• It consists of four great peninsulas, extending from a comparatively small nucleus towards the north-east, east, south-east and south, and separated by the three large gulfs of Tomini or Gorontalo, Tolo or Tomaiki, and Boni.

    0
    0
  • Of these gulfs the first is by far the largest, the other two having much wider entrances and not extending so far inwards.

    0
    0
  • Besides these larger ramifications, there are the Gulfs of Cambay and Kach on the Indian coast.

    0
    1
  • wide, communicating with the gulfs and straits of the North American Arctic archipelago; (2) Davis Strait, about 200 m.

    0
    1
  • The greater part of this trough is over 600 fathoms deep. The profusion of islands and their usually bold elevation give beauty and picturesqueness to the sea, but its navigation is difficult and dangerous, notwithstanding the large number of safe and commodious gulfs and bays.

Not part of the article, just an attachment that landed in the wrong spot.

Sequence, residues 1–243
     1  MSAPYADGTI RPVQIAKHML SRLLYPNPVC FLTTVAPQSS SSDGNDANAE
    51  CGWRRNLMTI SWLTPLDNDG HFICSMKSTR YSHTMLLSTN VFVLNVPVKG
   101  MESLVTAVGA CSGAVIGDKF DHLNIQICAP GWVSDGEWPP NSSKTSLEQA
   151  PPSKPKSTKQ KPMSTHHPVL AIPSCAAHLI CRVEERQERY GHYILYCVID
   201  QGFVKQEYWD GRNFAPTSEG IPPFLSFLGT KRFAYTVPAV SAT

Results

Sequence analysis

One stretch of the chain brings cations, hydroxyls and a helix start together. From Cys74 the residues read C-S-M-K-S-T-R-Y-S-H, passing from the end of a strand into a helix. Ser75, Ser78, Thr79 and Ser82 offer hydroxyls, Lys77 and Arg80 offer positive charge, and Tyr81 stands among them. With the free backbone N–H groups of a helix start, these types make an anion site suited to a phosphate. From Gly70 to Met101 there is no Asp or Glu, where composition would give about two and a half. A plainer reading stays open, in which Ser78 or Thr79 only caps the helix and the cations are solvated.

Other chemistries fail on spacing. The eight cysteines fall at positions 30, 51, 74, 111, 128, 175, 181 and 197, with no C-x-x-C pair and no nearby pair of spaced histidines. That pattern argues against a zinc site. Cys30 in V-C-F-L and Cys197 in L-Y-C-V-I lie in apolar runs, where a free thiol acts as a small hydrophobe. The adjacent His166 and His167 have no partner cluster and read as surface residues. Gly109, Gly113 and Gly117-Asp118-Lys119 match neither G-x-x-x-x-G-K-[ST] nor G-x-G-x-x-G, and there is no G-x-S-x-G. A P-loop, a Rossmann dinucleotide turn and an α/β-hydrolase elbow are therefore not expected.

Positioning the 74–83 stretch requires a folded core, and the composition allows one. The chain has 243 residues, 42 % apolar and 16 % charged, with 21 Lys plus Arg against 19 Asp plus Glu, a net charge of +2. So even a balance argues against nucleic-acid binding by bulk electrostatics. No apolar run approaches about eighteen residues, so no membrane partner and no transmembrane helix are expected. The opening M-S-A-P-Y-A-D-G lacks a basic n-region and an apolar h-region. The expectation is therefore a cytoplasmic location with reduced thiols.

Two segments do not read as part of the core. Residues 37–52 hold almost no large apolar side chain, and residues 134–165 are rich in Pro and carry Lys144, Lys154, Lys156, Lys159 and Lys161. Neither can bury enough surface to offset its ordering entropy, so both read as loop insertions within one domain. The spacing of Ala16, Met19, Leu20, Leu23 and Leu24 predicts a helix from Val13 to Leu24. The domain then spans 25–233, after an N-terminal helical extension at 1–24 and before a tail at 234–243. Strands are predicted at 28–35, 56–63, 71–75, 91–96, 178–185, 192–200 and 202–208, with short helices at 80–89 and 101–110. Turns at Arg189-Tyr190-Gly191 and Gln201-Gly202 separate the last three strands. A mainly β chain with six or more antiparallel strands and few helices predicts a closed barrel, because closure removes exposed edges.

0
    1
  • in width, while that between the gulfs of Sta Eufemia and Squillace, which connects the two portions of the province, does not exceed 20 m.

    0
    1
  • Where the great continental sag sinks below the ocean level, we have our gulfs and our Mediterraneans, seen in our type continent, as the Mexican Gulf and Hudson Bay.

    0
    1
  • The Baltic, with the Gulfs of Bothnia and Finland, limits it on the N.W.; and two sinuous lines of land frontier separate it respectively from Sweden and Norway on the N.W.

    0
    1
  • The deep indentations of the gulfs of Bothnia and Finland are surrounded by what is ethnologically Finnish territory, and it is only at the very head of the latter gulf that the Russians have taken firm foothold by erecting their capital at the mouth of the Neva.

    0
    1
  • 6) the inhabited earth has the shape of an oblong rectangle surrounded by an ocean which breaks in in four great gulfs - the Roman or Mediterranean, the Arabian, Persian and Caspian Sea.

    0
    1
  • Other captains carried the Turkish arms down the Arabian and Persian gulfs far out into the Indian Ocean.

    0
    1